Outdated systems are a prime target for cybercriminals. Malicious actors seek out weak points in solutions in order to gain access. Organizations that neglect their security expose themselves to attack.

Developers work tirelessly to shut down these loopholes and prevent cybercriminals from taking advantage. Yet with a legacy system, there may no one keeping it up-to-date, leading to a system that is practically asking to be breached.

Cyberattacks are on the rise and can be extremely costly to businesses. The average cyberattack cost a business $9.48 million in 2023. If sticking with legacy systems in business, decision-makers should take extra care that they have taken the appropriate measures to ensure they stand the best possible chance against an attack.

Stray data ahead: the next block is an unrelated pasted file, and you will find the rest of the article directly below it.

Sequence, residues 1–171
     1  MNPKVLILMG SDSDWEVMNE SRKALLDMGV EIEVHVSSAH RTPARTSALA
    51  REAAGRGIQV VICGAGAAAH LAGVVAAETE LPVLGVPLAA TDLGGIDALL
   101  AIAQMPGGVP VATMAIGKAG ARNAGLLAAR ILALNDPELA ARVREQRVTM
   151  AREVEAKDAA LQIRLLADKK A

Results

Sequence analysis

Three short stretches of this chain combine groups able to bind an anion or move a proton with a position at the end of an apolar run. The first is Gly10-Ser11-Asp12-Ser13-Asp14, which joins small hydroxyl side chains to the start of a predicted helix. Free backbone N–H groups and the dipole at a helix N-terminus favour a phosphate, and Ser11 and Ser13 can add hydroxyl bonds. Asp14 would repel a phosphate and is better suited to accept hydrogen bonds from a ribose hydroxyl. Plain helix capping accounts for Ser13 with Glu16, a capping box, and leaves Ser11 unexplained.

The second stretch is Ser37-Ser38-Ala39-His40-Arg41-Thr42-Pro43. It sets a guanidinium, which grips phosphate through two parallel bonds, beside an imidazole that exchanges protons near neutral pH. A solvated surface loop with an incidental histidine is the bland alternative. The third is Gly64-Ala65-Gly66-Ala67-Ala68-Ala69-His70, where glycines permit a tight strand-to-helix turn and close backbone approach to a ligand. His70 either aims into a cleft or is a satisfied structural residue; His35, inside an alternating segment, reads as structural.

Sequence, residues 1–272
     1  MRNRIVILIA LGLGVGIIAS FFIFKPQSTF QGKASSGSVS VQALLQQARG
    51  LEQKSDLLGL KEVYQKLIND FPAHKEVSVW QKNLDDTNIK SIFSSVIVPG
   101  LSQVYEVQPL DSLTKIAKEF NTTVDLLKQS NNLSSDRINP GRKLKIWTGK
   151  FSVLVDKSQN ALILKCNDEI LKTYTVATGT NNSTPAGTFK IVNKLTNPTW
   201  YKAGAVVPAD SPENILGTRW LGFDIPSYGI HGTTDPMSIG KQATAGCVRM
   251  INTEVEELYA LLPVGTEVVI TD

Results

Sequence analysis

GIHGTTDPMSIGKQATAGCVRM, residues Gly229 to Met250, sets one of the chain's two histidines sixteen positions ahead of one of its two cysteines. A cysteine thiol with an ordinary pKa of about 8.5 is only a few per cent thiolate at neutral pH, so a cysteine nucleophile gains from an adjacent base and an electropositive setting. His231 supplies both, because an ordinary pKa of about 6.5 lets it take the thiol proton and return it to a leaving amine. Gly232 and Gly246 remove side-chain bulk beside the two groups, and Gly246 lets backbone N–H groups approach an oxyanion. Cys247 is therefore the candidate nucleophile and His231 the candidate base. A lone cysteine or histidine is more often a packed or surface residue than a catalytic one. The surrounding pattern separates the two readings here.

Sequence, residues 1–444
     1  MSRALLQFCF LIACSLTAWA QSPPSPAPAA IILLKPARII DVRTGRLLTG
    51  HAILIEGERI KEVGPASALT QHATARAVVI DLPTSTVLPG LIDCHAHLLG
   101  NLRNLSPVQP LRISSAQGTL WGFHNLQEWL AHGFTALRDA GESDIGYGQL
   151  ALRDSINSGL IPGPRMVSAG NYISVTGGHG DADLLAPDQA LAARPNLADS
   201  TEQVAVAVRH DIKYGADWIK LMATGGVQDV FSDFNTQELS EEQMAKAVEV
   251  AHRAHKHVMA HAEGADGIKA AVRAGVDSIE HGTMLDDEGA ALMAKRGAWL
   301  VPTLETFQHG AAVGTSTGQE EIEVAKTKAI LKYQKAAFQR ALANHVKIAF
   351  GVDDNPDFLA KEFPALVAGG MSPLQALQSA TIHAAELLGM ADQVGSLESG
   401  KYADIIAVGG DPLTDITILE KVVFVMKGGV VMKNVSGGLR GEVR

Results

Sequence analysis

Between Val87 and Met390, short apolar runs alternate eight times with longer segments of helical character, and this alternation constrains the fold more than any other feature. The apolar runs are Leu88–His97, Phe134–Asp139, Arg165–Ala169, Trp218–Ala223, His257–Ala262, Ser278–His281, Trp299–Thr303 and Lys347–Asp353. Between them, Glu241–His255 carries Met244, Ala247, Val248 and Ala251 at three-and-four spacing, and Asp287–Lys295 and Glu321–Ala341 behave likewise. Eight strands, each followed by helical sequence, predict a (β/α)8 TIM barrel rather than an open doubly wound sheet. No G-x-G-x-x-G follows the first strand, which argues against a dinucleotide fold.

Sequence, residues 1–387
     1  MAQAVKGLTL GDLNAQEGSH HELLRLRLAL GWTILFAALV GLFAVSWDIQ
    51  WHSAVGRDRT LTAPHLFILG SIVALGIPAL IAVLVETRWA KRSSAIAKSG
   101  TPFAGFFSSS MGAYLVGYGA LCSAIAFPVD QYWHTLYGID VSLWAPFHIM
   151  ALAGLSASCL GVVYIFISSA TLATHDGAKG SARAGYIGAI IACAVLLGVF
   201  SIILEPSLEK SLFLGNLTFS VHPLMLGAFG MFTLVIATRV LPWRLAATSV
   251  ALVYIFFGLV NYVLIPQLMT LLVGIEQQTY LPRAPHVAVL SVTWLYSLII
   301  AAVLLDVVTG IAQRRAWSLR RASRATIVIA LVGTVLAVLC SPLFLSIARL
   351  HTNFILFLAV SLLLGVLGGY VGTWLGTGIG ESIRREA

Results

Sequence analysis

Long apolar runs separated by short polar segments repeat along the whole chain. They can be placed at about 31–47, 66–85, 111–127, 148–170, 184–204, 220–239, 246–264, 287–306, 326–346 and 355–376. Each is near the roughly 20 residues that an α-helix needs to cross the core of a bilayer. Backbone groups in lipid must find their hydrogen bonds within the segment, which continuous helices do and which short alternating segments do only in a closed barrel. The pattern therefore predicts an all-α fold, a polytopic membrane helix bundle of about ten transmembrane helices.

Moving to the cloud has become an attractive option for organizations in recent years because of the cloud's strong security capabilities—stronger than most on-premise systems. 

stats showing that people are becoming more aware of the importance of data security

4. Missed Opportunities

One of the biggest consequences of continuing to use a legacy system is the inability to modernize and improve your organization. Evolving to remain competitive is a central goal in digital transformation strategy. Yet legacy systems in business are notoriously inflexible, an obstacle for most organizations operating in today’s digital environment.